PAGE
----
Introducing remote access to workers via Teleconsole was a big step towards convenience for Hiveon OS users. This service became very popular among those who need Hiveon OS remote access, mainly used for various remote maintenance tasks. Unfortunately, we found out that this service tends to be unstable, so the Hive team has developed an alternative solution, which we are very pleased to present to you.
Hive Shell provides Hiveon OS remote access to your workers using the Hiveon OS network infrastructure. It also offers some unique features, such as access via an SSH client and console sharing. Let’s take a closer look at Hive Shell.
In the web interface in the “Remote Access” there are two items “Hive Shell Start” and “Hive Shell Stop”.
After clicking the “Hive Shell Start” menu option, you will see the result of the Hiveon OS Shell command
The result of this Hiveon OS command is a clickable link that will open the terminal of the worker in a new tab. You can also open the result of the command execution to take advantage of the additional Hiveon OS command features, such as sending a web link to a technician or connecting using an SSH client (which we describe later in this article).
Attention! Only share the link to your worker with people you trust.
So it works:
Once you’re connected, you can type any Hive commands you’d like to. If you’re looking for a Hive Shell script example, check out the list of example commands in shell script in this guide.
If you're connected to the same network as your worker, you can use Shellinabox Hiveon OS.
The default Hiveon OS Shell in a box login is
user, and the default password is
If Hive Shell is not starting this way, you can use the Hive Shell start button instead. Please also make sure that your worker is booted up and online.
You can start Hive Shell both from the web interface and from the console. From the Hive Shell console, start the hssh command (valid parameters: start | stop | restart).
A very important feature of Hive Shell is the ability to share the console. You can watch (or even take part) the actions that are performed by the person with whom you have shared access to the worker through Hive Shell. Using this function is extremely simple - just open the same link that was shared with another person. This is how it looks (on the left - we launched Hive Shell in the Firefox browser, on the right - via the PuTTY client):
All actions performed in one console are also displayed in the other.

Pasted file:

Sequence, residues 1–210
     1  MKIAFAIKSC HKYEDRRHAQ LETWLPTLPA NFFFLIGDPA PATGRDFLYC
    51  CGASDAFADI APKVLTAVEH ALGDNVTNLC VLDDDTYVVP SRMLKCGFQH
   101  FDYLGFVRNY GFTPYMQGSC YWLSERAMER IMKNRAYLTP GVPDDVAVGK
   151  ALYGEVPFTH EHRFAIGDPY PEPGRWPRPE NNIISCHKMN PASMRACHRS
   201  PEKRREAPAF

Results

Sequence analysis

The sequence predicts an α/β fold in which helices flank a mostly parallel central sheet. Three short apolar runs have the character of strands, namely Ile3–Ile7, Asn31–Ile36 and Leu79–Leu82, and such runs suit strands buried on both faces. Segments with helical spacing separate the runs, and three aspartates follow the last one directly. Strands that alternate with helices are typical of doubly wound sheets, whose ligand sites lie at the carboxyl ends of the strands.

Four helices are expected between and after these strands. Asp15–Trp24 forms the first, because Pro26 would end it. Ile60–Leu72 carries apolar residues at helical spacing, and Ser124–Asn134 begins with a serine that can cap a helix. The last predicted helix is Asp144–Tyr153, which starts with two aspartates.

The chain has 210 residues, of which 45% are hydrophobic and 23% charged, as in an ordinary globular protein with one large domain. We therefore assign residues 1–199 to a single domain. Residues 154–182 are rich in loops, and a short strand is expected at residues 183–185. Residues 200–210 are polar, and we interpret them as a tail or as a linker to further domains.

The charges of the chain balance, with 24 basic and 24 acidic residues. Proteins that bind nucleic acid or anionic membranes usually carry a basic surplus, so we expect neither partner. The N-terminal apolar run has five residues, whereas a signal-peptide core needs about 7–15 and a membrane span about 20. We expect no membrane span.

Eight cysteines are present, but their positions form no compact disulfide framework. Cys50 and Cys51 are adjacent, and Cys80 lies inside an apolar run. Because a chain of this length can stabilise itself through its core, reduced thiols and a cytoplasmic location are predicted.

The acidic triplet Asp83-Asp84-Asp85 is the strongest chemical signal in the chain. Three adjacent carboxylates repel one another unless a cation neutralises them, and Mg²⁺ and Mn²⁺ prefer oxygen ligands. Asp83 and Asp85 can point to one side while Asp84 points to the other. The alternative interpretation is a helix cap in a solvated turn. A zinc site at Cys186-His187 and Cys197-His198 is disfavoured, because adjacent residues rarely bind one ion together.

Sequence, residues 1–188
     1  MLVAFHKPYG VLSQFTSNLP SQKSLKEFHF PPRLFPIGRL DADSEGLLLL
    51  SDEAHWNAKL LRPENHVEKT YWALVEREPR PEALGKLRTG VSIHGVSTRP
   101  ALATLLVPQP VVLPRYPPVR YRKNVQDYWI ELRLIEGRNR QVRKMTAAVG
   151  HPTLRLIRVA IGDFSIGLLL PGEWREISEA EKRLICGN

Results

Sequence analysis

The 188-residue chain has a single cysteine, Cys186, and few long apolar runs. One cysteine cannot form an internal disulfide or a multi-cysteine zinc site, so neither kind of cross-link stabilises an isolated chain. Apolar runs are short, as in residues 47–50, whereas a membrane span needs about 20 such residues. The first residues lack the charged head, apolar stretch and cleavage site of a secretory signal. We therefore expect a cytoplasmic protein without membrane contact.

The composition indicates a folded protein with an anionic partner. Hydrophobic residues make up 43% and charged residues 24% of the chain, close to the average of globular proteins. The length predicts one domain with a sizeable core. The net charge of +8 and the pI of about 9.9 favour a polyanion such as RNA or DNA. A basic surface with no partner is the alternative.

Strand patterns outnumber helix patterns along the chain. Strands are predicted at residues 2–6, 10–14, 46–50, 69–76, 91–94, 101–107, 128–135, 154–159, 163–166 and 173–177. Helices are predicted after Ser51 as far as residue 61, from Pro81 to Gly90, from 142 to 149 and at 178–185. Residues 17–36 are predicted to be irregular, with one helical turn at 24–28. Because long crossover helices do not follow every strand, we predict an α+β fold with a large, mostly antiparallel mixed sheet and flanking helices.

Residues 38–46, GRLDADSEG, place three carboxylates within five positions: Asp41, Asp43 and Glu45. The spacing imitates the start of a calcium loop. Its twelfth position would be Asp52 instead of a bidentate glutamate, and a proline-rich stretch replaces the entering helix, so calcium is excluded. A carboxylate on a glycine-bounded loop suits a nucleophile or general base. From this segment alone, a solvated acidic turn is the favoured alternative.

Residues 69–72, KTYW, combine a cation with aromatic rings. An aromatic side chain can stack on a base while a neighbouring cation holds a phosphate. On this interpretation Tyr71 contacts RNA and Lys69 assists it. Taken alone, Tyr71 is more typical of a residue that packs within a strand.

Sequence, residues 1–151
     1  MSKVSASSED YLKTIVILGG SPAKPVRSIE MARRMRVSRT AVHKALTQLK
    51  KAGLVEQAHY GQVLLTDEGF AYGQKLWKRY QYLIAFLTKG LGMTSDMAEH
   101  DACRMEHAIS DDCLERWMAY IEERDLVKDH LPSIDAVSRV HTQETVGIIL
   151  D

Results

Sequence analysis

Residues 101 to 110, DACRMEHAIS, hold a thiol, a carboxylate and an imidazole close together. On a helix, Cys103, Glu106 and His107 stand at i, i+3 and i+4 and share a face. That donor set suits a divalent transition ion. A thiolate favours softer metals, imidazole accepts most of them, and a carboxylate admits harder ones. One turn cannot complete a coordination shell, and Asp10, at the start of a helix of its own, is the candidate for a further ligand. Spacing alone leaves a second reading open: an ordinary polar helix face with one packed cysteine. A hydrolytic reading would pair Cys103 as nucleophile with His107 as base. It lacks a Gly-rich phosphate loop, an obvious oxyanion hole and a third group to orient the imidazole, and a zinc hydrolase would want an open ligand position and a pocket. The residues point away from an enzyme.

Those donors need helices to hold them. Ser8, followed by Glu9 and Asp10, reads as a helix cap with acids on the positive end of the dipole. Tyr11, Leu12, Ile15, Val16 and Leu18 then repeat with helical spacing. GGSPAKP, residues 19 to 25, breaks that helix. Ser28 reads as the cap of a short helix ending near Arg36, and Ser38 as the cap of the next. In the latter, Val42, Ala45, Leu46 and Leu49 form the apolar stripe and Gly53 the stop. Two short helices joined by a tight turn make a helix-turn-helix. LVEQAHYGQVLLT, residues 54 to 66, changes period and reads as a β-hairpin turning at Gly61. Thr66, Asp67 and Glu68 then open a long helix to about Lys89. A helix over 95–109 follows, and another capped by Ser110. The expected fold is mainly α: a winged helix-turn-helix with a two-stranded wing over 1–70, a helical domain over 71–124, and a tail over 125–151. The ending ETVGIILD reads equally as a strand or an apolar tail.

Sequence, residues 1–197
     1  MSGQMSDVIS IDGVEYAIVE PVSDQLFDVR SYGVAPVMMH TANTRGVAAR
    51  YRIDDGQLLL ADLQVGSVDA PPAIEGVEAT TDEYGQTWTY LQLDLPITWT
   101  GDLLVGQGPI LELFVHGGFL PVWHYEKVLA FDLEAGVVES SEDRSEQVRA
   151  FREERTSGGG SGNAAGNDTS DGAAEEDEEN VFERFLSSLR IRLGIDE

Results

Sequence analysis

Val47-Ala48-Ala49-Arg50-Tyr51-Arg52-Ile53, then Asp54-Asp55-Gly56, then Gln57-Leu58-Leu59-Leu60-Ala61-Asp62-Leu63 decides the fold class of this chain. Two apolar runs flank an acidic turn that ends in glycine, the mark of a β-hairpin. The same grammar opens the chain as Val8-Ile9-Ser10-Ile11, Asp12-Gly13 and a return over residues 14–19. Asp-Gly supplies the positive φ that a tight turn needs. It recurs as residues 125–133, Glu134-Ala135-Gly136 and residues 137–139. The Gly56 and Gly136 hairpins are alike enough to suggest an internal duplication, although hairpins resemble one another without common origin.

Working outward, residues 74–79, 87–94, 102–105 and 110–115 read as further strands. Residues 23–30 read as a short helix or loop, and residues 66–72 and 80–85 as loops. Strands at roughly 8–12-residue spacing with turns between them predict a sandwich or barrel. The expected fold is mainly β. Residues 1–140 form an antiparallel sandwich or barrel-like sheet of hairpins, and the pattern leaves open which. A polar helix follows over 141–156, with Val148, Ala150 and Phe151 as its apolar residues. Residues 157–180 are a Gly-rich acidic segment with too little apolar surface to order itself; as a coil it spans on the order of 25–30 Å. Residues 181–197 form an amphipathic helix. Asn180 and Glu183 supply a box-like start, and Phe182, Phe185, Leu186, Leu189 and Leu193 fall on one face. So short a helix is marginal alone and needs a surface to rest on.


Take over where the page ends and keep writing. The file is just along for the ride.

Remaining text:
With Hive Shell, you can connect to your worker using an SSH client, such as PuTTY.
To do this, you need to perform a one-time procedure - generate your private keys using the program that is part of the PuTTY package - PuTTYgen (PuTTY Key Generator).
Start PuTTYgen and click the “Generate” button, randomly move the mouse cursor over the application field until the progress bar reaches the end.
Then click the “Save private key” button, you can ignore the warning about saving without a password by clicking “Yes” and save the key on your computer.
Next, you need to configure your SSH client using the generated private key. Run PuTTY, open the Connection section on the left and the SSH subsection in it and get Auth. There will be a file selection menu on the right where you need to select the private key saved in the previous step.
After that, go to the Session section and save our profile. To do this, set the Host Name -
shell.hiveos.farmand the name of the profile, for example Hive Shell, and press the "Save" button to save.
In short, it looks like this:
The next step is very simple.
With the help of Hive Shell, you can also remotely update your Hiveon OS image.
Log in to your worker using Hive Shell:
Enter the command
hive-replace -y --stable:
The latest stable Hiveon OS image will automatically download, unpack, and install.
It may take a while to update the image, so please be patient. This is affected by factors such as internet connection speed and disk performance.
To prevent the Hive Shell session from interrupting (by default, 30 minutes) perform periodic actions in the window (for example, a mouse click)
After the update is completed, the rig will automatically reboot, and the last stable image will be installed